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1. 2. 3. 4. 5. 6. 7. 8. 9. State boards of accountancy FASB and GASB AICPA SEC AICPA, state societies of CPAs, and state boards of accountancy FASB State boards of accountancy SEC AICPA 10. 11. 12. 13. 14. 15. 16. 17. 18. State societies of CPAs SEC, state and federal courts GASB AICPA State boards of accountancy AICPA Practice units GAO IRS

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a. The four sets of standards in the private sector and the standard setting bodies are: (1) accounting by the FASB and GASB, (2) auditing by the AICPA, (3) professional ethics by the AICPA, and (4) quality control by the PCAOB and the AICPA. b. The other components of the regulatory framework are: (1) firm regulation that occurs within the public accounting firm through day-to-day monitoring of the actions of the firm's professional staff by the firm's management; (2) inspections and peer reviews that relates to the activities of professional entities outside the firm such as the PCAOB and the AICPA's Practice Monitoring (Peer Review) program; and (3) governmental regulation that occurs at both the state and federal levels through activities that range from positive enforcement programs to punitive actions. This type of regulation is done by state boards of accountancy, the SEC, and state and federal courts of law.

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(Estimated time - 30 minutes) Element (a) Personnel Management Purpose of Policy / Procedure (b) Personnel should have the qualifications to fulfill responsibilities they may be called upon to assume in the future. Work at all levels should be supervised to assure that it meets the firm's standards of quality. Work is assigned to people who have the technical training for the assignment and personnel should seek assistance, when necessary, from persons having appropriate expertise, judgment, and authority All professionals should be independent of clients. Determine that procedures relating to the other elements are being effectively applied. Only individuals who possess the qualities of integrity, competency, and motivation should be hired. Personnel should have the knowledge required to fulfill assigned responsibilities. Personnel should have the technical training and proficiency required by the engagement. The firm should not be associated with clients whose management lacks integrity. Additional Procedure (c) Establish qualifications necessary for each level of responsibility in the firm.

Policy/ Procedure 1.

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Engagement Performance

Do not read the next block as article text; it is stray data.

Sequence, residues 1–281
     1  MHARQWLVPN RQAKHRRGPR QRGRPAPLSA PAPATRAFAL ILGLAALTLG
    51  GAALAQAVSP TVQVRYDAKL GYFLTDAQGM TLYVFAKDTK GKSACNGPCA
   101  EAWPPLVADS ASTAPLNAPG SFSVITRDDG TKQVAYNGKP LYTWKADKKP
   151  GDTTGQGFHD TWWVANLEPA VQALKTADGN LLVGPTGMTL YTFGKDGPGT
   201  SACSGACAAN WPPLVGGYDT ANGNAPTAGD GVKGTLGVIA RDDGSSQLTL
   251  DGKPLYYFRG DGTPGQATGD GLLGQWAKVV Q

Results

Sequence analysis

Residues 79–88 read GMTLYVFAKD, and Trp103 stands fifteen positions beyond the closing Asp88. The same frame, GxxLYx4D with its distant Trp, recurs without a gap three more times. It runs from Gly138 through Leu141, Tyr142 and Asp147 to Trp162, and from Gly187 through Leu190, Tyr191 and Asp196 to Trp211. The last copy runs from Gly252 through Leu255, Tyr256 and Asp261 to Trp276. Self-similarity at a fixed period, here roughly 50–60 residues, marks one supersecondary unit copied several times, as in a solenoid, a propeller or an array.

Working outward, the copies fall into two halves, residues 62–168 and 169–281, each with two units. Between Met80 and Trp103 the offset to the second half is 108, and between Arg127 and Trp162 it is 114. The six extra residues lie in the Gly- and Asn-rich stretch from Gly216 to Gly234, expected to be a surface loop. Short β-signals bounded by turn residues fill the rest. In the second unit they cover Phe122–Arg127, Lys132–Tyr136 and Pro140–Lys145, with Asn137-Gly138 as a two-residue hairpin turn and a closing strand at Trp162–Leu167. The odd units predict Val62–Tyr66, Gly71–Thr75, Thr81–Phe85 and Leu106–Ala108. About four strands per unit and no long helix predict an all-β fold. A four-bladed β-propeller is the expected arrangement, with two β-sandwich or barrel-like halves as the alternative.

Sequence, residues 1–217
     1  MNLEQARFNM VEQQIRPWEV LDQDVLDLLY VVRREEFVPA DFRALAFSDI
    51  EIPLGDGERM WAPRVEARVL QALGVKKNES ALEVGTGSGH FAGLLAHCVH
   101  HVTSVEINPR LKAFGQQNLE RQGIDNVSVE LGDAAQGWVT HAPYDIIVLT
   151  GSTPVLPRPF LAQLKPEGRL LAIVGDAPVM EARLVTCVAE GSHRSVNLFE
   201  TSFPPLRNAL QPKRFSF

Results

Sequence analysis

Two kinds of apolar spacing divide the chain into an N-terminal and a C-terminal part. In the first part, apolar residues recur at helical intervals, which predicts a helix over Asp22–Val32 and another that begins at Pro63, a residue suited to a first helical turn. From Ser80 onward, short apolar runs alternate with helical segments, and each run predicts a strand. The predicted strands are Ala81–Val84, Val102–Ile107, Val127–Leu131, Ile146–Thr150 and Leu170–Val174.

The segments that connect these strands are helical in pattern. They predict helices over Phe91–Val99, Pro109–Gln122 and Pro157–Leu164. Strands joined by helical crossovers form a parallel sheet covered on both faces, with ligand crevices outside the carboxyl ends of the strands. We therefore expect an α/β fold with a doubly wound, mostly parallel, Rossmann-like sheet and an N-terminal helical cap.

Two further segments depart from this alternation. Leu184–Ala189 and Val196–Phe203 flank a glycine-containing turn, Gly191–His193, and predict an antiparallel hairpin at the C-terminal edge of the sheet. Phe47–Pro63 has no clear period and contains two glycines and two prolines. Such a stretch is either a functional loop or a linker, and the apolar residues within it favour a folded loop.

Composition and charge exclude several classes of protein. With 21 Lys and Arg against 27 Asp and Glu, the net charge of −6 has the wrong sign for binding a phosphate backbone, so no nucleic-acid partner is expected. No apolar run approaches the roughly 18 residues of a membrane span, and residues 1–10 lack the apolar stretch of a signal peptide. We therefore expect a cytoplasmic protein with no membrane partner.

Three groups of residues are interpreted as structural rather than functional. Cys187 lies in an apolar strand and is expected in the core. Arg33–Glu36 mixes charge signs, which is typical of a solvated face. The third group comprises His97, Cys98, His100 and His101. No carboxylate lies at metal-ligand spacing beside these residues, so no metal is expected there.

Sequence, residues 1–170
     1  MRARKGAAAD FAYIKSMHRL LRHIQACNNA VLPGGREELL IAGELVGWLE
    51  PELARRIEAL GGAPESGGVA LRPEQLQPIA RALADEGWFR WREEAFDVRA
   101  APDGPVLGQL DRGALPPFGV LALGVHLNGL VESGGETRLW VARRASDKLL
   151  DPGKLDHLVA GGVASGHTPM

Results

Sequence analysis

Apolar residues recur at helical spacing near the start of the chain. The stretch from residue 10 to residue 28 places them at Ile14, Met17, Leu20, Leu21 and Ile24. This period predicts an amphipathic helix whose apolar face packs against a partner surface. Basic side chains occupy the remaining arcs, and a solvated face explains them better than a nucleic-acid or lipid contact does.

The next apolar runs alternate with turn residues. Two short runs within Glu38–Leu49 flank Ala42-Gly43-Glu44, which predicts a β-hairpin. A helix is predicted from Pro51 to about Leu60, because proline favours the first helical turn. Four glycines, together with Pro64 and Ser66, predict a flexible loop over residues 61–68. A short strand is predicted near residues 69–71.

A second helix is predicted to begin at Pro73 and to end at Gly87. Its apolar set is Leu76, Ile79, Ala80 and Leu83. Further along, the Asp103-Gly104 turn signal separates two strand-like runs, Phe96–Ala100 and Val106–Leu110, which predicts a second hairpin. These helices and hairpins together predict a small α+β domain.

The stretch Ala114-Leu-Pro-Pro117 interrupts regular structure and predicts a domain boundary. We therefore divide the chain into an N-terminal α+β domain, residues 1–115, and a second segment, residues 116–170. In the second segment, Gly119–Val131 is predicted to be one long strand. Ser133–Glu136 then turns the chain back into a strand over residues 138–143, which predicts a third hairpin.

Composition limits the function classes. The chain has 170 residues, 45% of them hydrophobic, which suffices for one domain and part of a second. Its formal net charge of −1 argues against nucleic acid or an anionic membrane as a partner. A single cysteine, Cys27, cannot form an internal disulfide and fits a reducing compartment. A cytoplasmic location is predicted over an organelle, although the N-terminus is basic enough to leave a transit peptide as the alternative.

Establish procedures for reviewing working papers and reports. Identify areas and specialized situations for which consultation is required.

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Personnel Management

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Independence, Integrity and Objectivity Monitoring

Monitor compliance with independence rules. Provide for reporting inspection results to appropriate management levels in the firm. Maintain a recruiting program to obtain new hires at the entry level. Provide Programs to develop expertise in specialized areas and industries. Permit partner in charge of engagement to approve assignments. Establish review procedures for continuing a client.

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Personnel Management

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Personnel Management Engagement Performance

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Acceptance and Continuance of Clients and Engagements.

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(Estimated time - 30 minutes)

a. The PCAOB’s inspection program and the AICPA’s practice monitoring (peer review) program do not have a direct impact on individual members. They are focused on a firm’s quality control activities. However, these programs may have an indirect effect on members who are involved in audits that are subject to inspection or peer review and all individuals in a firm may receive certain types of continuing professional education based on the findings of these programs. b. The PCAOB is responsible for the inspection of audit firms that audit public companies. The AICPA’s practice monitoring (peer review) program is focuses on audit firms that audit private companies. The objectives of both programs focus on a firm’s adherence to quality control practices. c. The following table compares the objectives of the PCAOB’s inspection program and the AICPA’s practice monitoring (peer review) program. They both focus on a firm’s adherence to quality control practices. PCAOB’s inspection program AICPA’s practice monitoring (peer review) program The purpose of a peer review is to determine whether: • The reviewed firm’s system of quality control for its accounting and auditing practice has been designed in accordance with quality control standards established by the AICPA. • The reviewed firm’s quality control policies and procedures were being complied with to provide the firm with reasonable assurance of conforming to professional standards. • The reviewed firm has demonstrated the knowledge, skills, and abilities necessary to perform accounting, auditing, and attestation engagements in accordance with professional standards, in all material respects.